How to Define Chef in Your Restaurant

 In 1. David Scott Peters, Employees, Labor, Leadership

I believe the term/title chef means “manager” when used in a restaurant or hotel setting. I believe that the title/term chef is a combination of those two definitions. That definition might look like this…

Chef [shef]


The chief cook, especially in a restaurant or hotel, usually responsible for planning menus, ordering foodstuffs, overseeing food preparation, and supervising the kitchen staff, and is a highly skilled professional who is proficient in all aspects of food preparation.

That definition fits best because it’s not just about making pretty food that tastes amazing. It’s also about making money.

Remember, I teach that we all have a responsibility to run a profitable restaurant. That’s right. You have a responsibility to run a profitable restaurant! You have a responsibility to your customers. You fill a need in your community that they need or want, otherwise they wouldn’t be entering your building. You have a responsibility to your employees. Your restaurant is their gainful employment that allows them to feed their families. But most importantly, you have a responsibility to YOU, your family and your investors to run a profitable restaurant.

When you realize your responsibility is to be profitable, you’ll find that you have to make a change in your company culture. You have to go back to restaurant 101, making sure you’re providing great food, great service in a clean and safe environment, but you also have to do it in such a way that makes money.

So what should you look for in a chef (or a kitchen manager for that matter)? Take a look at this possible job description to give you an idea:

Job Summary:

The chef sets and achieves the highest standards in the overall operation of the restaurant. In particular, a majority of the chef’s time is spent supervising and directing the operations and workforce, making staffing decisions, ensuring customer satisfaction and product quality, managing the restaurant’s financial performance and marketing the restaurant.

Performance Standards:

  • Follows all company polices.
  • Must be available for all special events and caterings.
  • Ensures all sanitation and safety standards are followed by his or her crew as set forth by the company; maintains a score of 90 percent or better on all sanitation and safety audits.
  • Knows and creates all menu items offered at the restaurant upon approval from owners. Provides build sheets and photographs so all staff can accurately answer menu item questions in regard to preparation methods, ingredients, portion sizes, and side items accompanying the dishes. Sets all specifications for substitutions for items on the menu.
  • Creates specials at least one week ahead of time and properly costs and prices each item.
  • Properly maintains all recipe cards, inventories and ideal to real food cost comparisons. Also maintains a level of inventory that turns over four to six times in one month.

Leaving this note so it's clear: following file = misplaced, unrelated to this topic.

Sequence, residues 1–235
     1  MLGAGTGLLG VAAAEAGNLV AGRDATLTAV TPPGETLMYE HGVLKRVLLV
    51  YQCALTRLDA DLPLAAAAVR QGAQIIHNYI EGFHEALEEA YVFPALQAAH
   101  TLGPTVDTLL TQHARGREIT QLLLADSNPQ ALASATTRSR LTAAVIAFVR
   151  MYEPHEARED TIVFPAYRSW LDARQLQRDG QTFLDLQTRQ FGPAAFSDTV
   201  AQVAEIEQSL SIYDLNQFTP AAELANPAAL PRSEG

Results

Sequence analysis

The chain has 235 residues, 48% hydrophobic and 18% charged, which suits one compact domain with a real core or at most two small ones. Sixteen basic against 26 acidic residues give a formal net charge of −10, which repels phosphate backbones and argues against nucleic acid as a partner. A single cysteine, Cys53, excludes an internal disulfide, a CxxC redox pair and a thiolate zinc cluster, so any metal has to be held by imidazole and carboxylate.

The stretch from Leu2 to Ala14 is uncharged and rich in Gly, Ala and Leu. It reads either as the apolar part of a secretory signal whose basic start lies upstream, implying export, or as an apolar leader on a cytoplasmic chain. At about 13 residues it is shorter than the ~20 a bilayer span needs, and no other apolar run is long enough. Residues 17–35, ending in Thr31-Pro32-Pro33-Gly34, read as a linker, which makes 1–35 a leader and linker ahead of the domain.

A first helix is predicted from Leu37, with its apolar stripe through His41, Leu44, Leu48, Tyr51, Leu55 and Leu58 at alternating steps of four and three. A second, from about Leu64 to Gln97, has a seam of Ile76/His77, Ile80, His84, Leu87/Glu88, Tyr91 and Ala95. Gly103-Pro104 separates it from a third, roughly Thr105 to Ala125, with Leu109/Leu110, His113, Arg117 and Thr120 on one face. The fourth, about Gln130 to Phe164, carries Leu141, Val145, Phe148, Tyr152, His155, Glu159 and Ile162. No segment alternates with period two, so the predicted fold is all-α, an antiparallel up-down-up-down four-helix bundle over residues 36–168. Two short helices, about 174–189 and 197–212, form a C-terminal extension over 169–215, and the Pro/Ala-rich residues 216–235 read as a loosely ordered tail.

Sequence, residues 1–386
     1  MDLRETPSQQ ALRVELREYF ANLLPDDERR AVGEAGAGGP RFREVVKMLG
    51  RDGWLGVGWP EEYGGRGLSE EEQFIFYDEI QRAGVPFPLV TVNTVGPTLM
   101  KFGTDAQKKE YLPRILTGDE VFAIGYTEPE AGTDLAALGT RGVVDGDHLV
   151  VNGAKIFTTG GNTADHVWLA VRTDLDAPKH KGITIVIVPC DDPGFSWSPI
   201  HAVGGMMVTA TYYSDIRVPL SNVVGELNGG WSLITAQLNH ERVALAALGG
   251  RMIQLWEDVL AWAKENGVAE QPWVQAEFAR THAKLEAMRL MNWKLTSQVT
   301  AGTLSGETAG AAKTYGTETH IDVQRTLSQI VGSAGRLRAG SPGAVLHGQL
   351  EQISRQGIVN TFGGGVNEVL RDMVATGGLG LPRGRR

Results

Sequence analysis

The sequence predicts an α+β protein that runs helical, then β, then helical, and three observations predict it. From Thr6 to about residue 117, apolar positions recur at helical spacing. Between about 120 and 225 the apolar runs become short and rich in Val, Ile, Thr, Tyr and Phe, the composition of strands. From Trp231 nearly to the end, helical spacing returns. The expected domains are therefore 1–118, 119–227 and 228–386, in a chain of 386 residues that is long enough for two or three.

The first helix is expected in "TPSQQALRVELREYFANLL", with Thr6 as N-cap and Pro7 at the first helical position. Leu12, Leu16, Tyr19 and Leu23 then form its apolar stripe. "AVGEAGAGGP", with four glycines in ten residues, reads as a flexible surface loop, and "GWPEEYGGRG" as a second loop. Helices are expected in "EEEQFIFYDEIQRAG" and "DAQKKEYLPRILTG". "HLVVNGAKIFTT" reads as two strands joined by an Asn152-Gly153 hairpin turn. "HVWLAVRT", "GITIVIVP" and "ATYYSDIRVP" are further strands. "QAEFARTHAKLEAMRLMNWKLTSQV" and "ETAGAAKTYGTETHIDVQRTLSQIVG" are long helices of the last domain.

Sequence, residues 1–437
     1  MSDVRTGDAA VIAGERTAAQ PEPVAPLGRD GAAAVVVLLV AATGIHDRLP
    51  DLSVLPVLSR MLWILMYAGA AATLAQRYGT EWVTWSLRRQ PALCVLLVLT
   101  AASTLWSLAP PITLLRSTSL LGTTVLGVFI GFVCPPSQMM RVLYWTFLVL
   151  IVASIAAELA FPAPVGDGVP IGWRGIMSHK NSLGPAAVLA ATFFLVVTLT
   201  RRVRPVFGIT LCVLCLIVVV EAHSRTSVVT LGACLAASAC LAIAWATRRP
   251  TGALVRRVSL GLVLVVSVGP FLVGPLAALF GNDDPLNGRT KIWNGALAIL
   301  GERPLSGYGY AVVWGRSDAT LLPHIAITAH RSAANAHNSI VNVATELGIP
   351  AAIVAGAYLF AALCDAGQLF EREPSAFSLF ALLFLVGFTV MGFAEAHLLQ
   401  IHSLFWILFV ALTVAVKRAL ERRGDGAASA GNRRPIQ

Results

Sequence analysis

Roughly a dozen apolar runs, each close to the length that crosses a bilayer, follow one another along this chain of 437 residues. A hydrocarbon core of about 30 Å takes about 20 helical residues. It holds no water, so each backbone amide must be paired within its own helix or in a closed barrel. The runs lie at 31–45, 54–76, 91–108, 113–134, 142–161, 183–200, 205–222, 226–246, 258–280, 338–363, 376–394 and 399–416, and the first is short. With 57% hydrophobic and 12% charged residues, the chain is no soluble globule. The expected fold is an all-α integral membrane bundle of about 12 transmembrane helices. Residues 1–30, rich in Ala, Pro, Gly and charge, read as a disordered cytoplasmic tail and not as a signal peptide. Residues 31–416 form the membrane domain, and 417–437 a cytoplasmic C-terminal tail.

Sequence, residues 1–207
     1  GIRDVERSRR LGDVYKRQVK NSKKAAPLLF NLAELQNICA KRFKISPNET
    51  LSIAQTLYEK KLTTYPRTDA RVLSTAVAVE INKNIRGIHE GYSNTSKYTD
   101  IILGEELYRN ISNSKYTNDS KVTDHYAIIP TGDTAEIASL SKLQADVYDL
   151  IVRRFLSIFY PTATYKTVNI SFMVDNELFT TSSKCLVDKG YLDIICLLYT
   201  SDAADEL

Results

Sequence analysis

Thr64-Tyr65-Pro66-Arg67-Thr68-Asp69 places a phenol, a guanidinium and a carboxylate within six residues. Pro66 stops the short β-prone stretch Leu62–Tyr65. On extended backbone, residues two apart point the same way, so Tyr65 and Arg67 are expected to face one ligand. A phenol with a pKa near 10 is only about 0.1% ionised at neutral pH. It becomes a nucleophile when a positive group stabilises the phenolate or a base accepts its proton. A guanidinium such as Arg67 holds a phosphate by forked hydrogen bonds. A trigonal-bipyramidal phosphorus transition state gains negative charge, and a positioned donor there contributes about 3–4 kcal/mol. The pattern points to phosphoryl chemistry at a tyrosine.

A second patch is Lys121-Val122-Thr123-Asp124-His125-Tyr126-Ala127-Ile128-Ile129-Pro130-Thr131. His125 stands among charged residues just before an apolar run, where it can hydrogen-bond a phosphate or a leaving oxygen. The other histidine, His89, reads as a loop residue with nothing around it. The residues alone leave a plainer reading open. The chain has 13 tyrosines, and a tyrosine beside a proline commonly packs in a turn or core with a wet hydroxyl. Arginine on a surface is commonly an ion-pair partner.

• Builds menu for catering, from passed appetizers to full sit down on-site and off-site events.
  • Follows ordering procedure standards and properly maintains the purchase allotment daily and its projection at least one month ahead of time.
  • Ensures that proper food and beverage controls are in place to maintain an appropriate level of cost of goods.
  • Ensures that proper labor controls are in place to maintain an appropriate staffing level and labor cost percentage.
  • Encourages and develops a cooperative team environment between the front of house staff and the back of house.
  • Leads by example.

Job Requirements:

  • Must be able to read and communicate in English clearly and effectively.
  • Must be able to lift up to 20 pounds repeatedly throughout shift.
  • Must demonstrate enthusiasm and commitment to guest satisfaction.
  • Must be efficient and accurate with money and figures.
  • Must possess manual ability to manipulate register system and handle/serve food.
  • Must have a valid health card or equivalent.

After reading this example job description, you can quickly see it’s not just about pretty food that tastes amazing! You quickly see that this person has to manage people to company policies and procedures, ensure events and catering jobs go smoothly, ensure food and workplace safety, create menus, recipe costing cards, manage the line for quality, presentation and portioning, create features, calculate food costs and compare it to ideal food costs, budget purchasing to stay within budget, train and develop their team and control labor costs.

WOW! That’s a whole lot more than just making petty food that tastes amazing.

I think you can see my point. I have all the respect in the world for line cooks. They play a key role in the restaurant’s success. With that respect in mind, I find it an insult to all the hard working chefs in our industry that develop and train people, manage costs and make pretty amazing tasting food, to degrade what they have accomplished by calling anyone who cooks on the line a chef.

Take what I say with a grain of salt. It is strictly my opinion. I felt like I had to finally share my opinion after coming across another restaurant that calls their line cooks chefs. I guess what it all comes down to is whether you agree that my definition fits your restaurant culture. The reality is, there is no wrong answer… it’s your restaurant.

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